The tare weight of the truck is stated at 3045 kg, which would legally allow approximately 1.5 tonnes of legal payload on a car licence variant, and 2.5 tonnes of payload when the truck is rated at 5500 kg and a light truck licence is in use.
The Isuzu 4JJ1-TCS engine, with its 3.0 litres capacity, featuring four cylinders with turbocharging and intercooling is the powerplant for the NLR 55/45-150. The 4JJ1-TCS produces 110 kW (148 hp) at 2800 rpm and 375 Nm of torque at 1600-2800 rpm. Mounted to the back of the engine is a five-speed overdrive fully synchromesh Isuzu manual gearbox.
In fifth gear (overdrive) the truck is doing 2550 rpm at 100 km/h via a final drive ratio of 4.777:1. Currently, the truck is only available with a manual transmission, but Isuzu is looking into introducing an AMT version to add further appeal to customers, particularly in local council applications.
Another unique feature of the little Isuzu is its suspension setup. In place of the conventional solid I-beam front axles, the NLR has a fully independent front end that uses coil springs and double-acting hydraulic shock absorbers. As with most car suspension systems, an independent front end provides much better ride and handling than a live front axle can offer. At the rear, Isuzu uses a typical taper leaf main spring, with a helper taper leaf for when the truck is at high weights. The rear axle is a live axle, rather than an independent like the front end.
Out on the open road, the Isuzu performs really well. The independent front end makes ride and handling much better than older Japanese light trucks, and, whilst the rear end was a bit bumpy, it was difficult to give an accurate assessment, as there was no payload in the tipper body. The four-cylinder diesel engine is both quiet and refined, and has no problems sitting on 100 km/h without portraying any of the excessive noise or harshness found in Japanese trucks of yesteryear. The five-speed box is really enjoyable to operate, and, even for those who find a manual somewhat difficult to drive, this one makes it easy, due to its short-throw and also its smooth and lightweight gearshifts. Whilst cruise control is available as an option, it would be a nice touch if Isuzu could include this as standard equipment.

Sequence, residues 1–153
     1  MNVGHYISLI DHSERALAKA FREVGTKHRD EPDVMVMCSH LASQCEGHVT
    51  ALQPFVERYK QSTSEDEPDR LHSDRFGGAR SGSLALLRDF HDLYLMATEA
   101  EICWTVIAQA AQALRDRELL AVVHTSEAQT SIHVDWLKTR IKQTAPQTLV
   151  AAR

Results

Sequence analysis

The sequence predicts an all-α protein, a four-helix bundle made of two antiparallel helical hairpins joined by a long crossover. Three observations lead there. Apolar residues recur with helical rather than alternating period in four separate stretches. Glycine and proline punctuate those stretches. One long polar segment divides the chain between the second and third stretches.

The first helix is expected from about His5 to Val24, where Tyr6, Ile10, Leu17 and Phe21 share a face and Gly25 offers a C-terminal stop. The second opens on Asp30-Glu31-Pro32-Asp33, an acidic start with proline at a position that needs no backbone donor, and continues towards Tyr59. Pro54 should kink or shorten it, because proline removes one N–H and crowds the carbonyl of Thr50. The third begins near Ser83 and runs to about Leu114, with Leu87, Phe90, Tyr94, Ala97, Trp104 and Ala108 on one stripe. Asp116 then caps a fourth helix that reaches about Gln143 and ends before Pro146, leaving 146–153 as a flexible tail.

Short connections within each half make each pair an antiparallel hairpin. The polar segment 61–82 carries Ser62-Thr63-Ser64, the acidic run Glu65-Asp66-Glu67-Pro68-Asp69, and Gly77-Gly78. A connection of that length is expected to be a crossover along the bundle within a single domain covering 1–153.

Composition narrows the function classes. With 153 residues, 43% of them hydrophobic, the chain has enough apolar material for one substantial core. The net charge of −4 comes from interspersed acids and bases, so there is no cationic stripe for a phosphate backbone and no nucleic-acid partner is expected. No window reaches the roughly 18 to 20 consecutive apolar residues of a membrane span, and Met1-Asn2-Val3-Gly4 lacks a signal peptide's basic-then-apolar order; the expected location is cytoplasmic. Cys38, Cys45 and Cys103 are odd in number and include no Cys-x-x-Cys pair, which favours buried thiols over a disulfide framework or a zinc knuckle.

When it comes to standard safety features, the driver is not left wanting, with an array of features as standard. Included are Isuzu’s electronic stability control (IESC), ABS, traction control (ASR), hill-start assist (HSA) and also electronic brake force distribution (EBD). Inside the cab, there are driver and passenger airbags, seatbelt pretensioners and the cabin is ECE-R29 compliant.
The truck is really well spec’d and the driver doesn’t miss out on many of the goodies typically found in a bigger trucks. Standard is a 6.2-inch touchscreen enabled audiovisual system that includes Bluetooth phone functionality, AM/FM radio as well as DAB digital radio.
As an option, the owner can purchase an SD card from their local Isuzu dealer to enable the system for GPS navigation and mapping, however it would be nice to see this made standard equipment. Furthermore, the truck has large, heated and electrically adjustable mirrors, and cornering lamps, as well as Michelin tyres all as standard equipment.
However you look at it, the Isuzu Tri-Tipper is an impressive package and will appeal to a myriad of operators for various applications. Hopefully we will see Isuzu introduce more tri-tippers on some of its bigger trucks to expand the range further!